Volume 76, Number 1 | June 6 - 12, 2007

Villager photos by Jefferson Siegel

Jaroslaw “Jerry” Kurowyckyj, Jr., with a last rack of sausages in the smokehouse room of his First Ave. butcher shop, which he closed last weekend.

Longtime butcher decides to get a cut of the action

The Kurowycky butcher shop on First Ave., an East Village institution for 50 years, closed last weekend, not because of rising rents but to take advantage of the rising tide of real estate values.

“It’s Economics 101. I’m the only person not being chased out by the rent,” said Jaroslaw “Jerry” Kurowyckyj, Jr., whose grandfather opened the business a half century ago.

Standing in the smokehouse room in the rear of the store, Kurowyckyj explained why his products were made without chemical preservatives.

“You don’t sell anything you wouldn’t feed to your kids,” he said. “Every single piece of sausage that comes out of here comes through my hands.”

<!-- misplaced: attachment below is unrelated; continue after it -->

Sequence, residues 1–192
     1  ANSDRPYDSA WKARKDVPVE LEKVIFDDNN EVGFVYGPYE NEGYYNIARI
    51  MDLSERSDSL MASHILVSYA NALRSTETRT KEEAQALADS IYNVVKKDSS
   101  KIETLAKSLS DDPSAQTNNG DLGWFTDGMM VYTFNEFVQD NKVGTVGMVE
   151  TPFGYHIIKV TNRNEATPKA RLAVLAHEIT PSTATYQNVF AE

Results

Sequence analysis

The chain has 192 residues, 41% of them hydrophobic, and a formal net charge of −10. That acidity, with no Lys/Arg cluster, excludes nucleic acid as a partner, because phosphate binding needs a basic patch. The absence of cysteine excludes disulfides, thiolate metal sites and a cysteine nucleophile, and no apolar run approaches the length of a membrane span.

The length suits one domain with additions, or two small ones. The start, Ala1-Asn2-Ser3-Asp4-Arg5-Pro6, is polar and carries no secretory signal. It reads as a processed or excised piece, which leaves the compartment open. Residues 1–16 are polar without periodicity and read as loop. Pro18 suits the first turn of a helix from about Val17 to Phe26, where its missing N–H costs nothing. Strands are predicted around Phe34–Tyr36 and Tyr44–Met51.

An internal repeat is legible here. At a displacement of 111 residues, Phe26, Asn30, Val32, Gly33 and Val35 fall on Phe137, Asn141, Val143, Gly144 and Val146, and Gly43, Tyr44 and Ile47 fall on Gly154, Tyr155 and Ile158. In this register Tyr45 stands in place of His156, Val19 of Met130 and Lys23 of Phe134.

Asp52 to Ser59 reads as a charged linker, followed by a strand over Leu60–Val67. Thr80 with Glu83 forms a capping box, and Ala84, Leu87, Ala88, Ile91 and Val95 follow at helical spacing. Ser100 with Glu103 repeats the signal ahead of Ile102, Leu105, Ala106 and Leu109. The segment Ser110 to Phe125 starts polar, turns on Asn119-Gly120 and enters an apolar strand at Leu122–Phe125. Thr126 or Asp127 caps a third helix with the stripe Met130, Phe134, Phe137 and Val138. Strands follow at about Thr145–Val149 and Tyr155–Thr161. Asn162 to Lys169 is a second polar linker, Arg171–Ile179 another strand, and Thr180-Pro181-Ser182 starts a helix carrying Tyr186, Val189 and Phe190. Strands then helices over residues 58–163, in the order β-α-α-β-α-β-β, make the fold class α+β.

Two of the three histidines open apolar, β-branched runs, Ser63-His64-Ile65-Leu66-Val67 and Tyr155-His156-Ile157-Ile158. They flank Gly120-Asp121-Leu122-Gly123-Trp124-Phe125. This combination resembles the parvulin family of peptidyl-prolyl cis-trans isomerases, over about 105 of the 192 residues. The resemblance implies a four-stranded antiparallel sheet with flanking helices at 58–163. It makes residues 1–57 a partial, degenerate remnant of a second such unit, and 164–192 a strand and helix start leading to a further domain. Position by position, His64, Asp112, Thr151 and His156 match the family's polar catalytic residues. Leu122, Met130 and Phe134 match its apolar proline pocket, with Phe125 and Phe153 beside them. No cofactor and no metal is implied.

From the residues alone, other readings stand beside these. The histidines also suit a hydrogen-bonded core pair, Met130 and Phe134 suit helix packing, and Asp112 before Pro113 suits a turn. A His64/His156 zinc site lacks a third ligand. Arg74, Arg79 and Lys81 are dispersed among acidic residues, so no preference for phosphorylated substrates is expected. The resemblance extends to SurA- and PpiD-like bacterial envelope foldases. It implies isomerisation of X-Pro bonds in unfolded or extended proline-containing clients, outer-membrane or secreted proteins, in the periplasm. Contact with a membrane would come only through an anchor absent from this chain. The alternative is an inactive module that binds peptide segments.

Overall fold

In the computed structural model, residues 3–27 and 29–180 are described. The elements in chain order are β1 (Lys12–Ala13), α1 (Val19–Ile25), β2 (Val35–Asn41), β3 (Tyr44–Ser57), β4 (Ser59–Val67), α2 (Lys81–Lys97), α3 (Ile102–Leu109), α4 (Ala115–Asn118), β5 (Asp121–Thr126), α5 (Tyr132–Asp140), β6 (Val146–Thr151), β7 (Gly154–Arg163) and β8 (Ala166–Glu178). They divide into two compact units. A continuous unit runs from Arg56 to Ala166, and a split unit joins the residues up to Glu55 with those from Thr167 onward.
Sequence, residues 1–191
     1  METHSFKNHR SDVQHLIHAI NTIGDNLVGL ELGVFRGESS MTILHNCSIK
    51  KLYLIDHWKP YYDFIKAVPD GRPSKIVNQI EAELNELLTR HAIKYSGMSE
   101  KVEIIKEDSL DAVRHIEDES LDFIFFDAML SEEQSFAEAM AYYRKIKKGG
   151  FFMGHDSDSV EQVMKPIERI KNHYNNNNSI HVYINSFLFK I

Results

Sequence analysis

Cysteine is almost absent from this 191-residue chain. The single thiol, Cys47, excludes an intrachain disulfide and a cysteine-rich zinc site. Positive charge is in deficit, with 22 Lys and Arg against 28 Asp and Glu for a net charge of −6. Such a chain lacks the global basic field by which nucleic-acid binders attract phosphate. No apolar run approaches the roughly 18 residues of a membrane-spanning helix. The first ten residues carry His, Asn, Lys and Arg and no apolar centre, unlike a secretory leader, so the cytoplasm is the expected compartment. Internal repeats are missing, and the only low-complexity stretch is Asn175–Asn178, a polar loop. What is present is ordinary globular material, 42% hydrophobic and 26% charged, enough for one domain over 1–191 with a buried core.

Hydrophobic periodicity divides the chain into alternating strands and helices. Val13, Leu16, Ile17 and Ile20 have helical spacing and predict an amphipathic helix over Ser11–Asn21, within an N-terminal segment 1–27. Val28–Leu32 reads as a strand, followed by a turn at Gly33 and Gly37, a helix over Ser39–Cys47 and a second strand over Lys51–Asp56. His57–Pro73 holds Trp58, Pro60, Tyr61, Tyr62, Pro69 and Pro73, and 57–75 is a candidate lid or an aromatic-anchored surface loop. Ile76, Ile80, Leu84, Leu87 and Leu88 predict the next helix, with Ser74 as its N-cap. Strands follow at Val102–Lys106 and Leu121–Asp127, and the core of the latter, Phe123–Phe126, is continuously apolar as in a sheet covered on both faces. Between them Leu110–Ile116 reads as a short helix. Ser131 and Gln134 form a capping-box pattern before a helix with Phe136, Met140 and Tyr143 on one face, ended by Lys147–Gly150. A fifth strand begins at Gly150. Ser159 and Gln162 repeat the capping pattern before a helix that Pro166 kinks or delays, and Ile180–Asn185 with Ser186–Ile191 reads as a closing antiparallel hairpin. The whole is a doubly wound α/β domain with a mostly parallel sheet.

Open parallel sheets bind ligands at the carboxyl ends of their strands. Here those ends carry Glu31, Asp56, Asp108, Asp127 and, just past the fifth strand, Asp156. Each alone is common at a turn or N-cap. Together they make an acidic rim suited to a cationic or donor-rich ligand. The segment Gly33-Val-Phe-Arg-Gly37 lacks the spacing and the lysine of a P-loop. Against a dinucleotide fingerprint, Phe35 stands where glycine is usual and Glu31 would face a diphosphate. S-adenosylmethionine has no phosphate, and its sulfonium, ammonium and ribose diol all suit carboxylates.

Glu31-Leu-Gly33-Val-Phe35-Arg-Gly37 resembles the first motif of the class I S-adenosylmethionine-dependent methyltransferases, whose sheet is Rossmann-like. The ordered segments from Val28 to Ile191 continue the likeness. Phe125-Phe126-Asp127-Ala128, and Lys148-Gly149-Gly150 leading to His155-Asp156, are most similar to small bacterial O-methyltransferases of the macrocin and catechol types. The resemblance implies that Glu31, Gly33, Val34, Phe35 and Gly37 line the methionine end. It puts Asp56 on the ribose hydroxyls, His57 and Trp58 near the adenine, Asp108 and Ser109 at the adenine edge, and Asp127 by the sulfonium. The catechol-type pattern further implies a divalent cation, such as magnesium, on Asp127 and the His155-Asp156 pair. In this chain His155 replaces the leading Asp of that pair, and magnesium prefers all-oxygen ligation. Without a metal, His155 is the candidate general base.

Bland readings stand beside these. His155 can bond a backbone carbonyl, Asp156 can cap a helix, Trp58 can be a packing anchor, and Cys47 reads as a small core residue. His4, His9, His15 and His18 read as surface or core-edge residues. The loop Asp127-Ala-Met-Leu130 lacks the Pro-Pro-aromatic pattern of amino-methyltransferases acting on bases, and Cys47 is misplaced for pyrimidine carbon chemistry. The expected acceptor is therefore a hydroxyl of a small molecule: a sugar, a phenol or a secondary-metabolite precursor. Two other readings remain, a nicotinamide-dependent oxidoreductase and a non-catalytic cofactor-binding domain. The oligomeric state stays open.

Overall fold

Kurowyckyj hasn’t decided what will happen next.

“I can’t make any decision as of yet,” he said, “because any decision I would make would be an emotional one, not a rational one.”

Anna Sawaryn, a St. Mark’s Pl. resident who tracks the closings of local Ukrainian and Polish stores, said the neighborhood once had about seven butcher shops with Eastern European owners. If one closed, the workers would find employment at one of the others. But now there’s only one of the old-style butchers left, on Second Ave., she said. She hoped the new Whole Foods store on E. Houston St. would take in some of the jobless butchers.


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